A week after New Jersey Governor Phil Murphy signaled his virtue to the ‘social justice’ agenda-watchers by proposing a tax on high frequency trading, no lesser establishment organization than The New York Stock Exchange has passive-aggressively signaled its displeasure by saying in a statement that it will test its ability to operate outside of New Jersey.
The major exchange operators previously have gone to court over proposals that they said would harm markets. NYSE, Nasdaq Inc. and Cboe Global Markets even took the extreme step of suing their main regulator, the U.S. Securities and Exchange Commission, over a transaction-fee pilot program last year. They won.
“A financial transaction tax is a recycled idea with a lousy track record — all over the world,” said the Equity Markets Association, a trade group that represents the three companies.
The move by New Jersey would “cause unintended and irreparable harm to the U.S. capital markets,” Cboe said in a separate statement. “A transaction tax is a direct cost shouldered by investors, who will also end up paying for the price of diminished liquidity and wider spreads in our markets.”
And as we noted previously, the NYSE has already threatened to depart the moment a tax was enacted:
“We have data centers in various states and the ability to move trading outside of New Jersey in a business day,” said Hope Jarkowski, co-head of government affairs for New York Stock Exchange parent Intercontinental Exchange.
And today, the exchange, in coordination with Nasdaq, Cboe Global Markets, and other industry participants, ramped up the rhetoric, saying that it will conduct a test of all its exchanges operating from their secondary locations on Sept. 26 to “confirm the industry’s ability to seamlessly move live trading out of New Jersey,” according to a statement.
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Date: September 11, 2020
Audience: NYSE, NYSE AmericanEquities, NYSE American Options, NYSE Arca Equities, NYSE Arca Options, NYSE Chicago, NYSE National, FINRA/NYSE TRF, and Global OTC Traders
Subject: NYSE exchanges to prepare for potential move from New Jersey datacenter, including temporary relocation of NYSE Chicago on September 28
Numerous NYSE member firms have recently reached out to the Exchange to understand our plans should New Jersey institute its proposed tax on financial transactions processed through electronic infrastructure located in the state. They are concerned, as are we, that any tax imposed will be passed through to NYSE members, and ultimately their clients, who are often the very same Main Street investors who reside in states like New Jersey and elsewhere.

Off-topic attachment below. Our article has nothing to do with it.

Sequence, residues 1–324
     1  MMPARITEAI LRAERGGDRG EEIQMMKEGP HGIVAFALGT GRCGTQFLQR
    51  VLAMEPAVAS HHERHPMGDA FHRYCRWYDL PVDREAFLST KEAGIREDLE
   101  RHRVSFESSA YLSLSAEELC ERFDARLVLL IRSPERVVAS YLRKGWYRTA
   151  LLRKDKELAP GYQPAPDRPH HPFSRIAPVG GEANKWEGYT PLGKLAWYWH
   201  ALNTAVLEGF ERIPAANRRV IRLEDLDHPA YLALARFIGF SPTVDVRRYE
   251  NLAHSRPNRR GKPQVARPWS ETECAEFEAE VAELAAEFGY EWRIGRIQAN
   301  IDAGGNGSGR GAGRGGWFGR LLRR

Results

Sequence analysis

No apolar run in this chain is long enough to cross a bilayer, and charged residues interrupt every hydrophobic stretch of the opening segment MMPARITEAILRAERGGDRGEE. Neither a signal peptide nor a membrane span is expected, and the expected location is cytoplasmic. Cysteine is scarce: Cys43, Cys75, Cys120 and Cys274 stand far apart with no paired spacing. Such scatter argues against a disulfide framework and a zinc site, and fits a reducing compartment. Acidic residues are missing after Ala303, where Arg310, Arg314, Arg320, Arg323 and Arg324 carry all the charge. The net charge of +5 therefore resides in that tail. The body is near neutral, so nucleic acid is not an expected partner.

NYSE has the ability to operate all of its markets out of either its primary datacenter in Mahwah, New Jersey or an alternate datacenter. Designed for various disaster recovery scenarios, a change in location can be performed in a matter of minutes, if necessary.
If our members express a strong preference to permanently relocate our trading infrastructure out of New Jersey, the process to do this is well-documented, regularly tested and would not cause any disruption to NYSE operations.
To help test and prepare our members for any such action, NYSE will implement two immediate measures:
1. Relocation of production trading for NYSE Chicago the week of September 28: The NYSE will operate one of its equity exchanges, NYSE Chicago, from its secondary datacenter from September 28th to October 2nd. This will confirm the industry’s ability to seamlessly move live trading out of New Jersey.
2. Weekend test of all markets: The NYSE, in coordination with Nasdaq, Cboe, SIFMA and other industry participants, will conduct a test of all its exchanges operating from their secondary locations on Saturday, September 26, 2020. This controlled test will exercise the industry’s preparedness for a potential wholesale transition out of New Jersey. Details for the weekend test will follow in a separate announcement.
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Of course, the big question, as we previously noted, what happens when all the states in which NYSE have data centers follow NJ in establishing a paywall for ultra fast trades which do nothing to make the market more efficient unless one counts surging flash crashes “efficiency”?
Market liquidity is already at record lows!